Nadja Giramata / Trump Management
Ona / Fusion Models
Paiz Sloane / Next Models NY
Yue Ning / Marilyn Agency

Mcom-JDForte-7

Model: Kwak
TADASHI SHOJI dress, JIMMY CHOO shoes

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Model: Anita Ligic
Gold jacket and skirt by Zuhair Murad

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Models: Kate Goodling, Paiz Sloane
Dolce & Gabbana lingerie and Fendi fur top and skirt
Fur and fur throws all by ADRIENNE LANDAU

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Models: Michelle C, Nadja Girimata
ALTUZARRA dress and jacket / CHRISTIAN DIOR skirt and top

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Models: Alicia, Ona
Both dresses by Zuhair Murad

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Models: Kate Goodling, Yue Ning, Paiz Sloane, Laura O’Grady, Alicia
All dresses are ZUHAIR MURAD, All shoes are JIMMY CHOO

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Posted in Cover story, Fashion Week | 23 Comments »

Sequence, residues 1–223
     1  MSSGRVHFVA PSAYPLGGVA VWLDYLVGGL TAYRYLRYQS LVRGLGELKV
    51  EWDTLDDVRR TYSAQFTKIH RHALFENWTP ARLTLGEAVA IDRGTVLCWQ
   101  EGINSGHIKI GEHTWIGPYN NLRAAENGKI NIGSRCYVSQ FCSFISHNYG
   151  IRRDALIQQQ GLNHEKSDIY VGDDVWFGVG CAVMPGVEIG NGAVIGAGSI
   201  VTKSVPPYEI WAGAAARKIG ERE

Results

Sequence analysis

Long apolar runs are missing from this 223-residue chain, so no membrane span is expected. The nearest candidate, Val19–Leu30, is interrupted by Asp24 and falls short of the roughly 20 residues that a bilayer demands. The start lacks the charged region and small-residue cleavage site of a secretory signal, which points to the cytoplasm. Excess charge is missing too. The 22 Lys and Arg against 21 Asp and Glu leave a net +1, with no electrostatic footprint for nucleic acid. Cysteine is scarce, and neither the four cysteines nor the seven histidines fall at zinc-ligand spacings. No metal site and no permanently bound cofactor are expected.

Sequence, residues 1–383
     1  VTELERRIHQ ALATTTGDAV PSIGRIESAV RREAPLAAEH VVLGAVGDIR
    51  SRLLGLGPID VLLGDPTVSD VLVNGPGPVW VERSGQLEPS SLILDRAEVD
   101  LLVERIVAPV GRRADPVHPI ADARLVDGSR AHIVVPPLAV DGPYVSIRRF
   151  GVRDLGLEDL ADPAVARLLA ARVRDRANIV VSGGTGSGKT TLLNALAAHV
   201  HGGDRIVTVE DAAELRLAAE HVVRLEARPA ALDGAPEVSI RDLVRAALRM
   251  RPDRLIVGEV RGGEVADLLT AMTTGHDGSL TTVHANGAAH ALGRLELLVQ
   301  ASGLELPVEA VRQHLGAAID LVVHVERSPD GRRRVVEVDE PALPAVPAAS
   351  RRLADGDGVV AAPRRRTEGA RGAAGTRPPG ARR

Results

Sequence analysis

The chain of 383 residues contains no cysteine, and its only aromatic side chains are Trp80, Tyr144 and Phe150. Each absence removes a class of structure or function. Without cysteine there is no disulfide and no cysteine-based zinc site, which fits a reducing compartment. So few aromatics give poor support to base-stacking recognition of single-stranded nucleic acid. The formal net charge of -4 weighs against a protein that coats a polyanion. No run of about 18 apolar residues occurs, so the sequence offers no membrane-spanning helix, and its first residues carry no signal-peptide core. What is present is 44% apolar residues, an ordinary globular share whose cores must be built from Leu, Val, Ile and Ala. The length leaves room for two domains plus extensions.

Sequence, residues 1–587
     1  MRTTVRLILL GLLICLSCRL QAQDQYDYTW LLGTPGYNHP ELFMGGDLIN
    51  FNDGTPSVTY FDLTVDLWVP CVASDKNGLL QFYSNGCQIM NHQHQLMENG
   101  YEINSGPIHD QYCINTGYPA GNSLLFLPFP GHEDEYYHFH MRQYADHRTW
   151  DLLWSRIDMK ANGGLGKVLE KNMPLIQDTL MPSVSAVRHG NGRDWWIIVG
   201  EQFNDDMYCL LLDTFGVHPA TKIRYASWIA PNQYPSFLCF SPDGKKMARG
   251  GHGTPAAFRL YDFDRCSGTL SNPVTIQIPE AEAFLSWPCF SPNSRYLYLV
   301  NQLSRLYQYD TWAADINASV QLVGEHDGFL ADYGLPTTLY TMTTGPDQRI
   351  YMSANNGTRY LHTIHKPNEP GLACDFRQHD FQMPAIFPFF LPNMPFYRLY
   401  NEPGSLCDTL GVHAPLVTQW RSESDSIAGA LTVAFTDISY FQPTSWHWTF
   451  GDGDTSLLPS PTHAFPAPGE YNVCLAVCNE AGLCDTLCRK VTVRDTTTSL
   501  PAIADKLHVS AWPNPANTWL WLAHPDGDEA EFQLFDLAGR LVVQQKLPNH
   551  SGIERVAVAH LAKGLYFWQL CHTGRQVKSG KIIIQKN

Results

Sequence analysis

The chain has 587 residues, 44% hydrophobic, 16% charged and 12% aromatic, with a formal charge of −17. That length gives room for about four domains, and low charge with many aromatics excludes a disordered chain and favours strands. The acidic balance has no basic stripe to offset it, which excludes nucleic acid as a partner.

Anja Rubik

May 23rd, 2013

MODELS.COM’S ICONS
ANJA RUBIK
MODELS.COM’S ICONS
ANJA RUBIK
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MODELS.COM’s ICONS
ANJA RUBIK

Anja Rubik may have cheekbones that can cut glass and an incredible presence in front of the camera, but the game-changer from Rzeszów is an icon not just because of her countless covers and numerous campaigns: Anja is a perfect representative of the new breed of model. As anyone will tell you, the industry has changed, and where 20 years ago it would have sufficed to have a stunning face and incredible posing skills, today it takes more. Beauties are a dime a dozen, and the women who ascend to the highest levels of success go beyond the call of duty. Blessed with an unforgettable look and a tireless work ethic, Anja has distinguished herself across a variety of platforms, pushing her namesake brand into the pop cultural sphere. When you have Kanye West name-dropping you alongside Anna Wintour, and Karl Lagerfeld listing you among his favorites of all time, you’re in a class by yourself.

Video and Photography by Barnaby Roper (Cadence New York) for Models.com
Styling by Keegan Singh (Los Angeles: Streeters Los Angeles, New York: Streeters New York)
Makeup Lisa Houghton
Hair by Esther Langham
Manicurist Dawn Sterling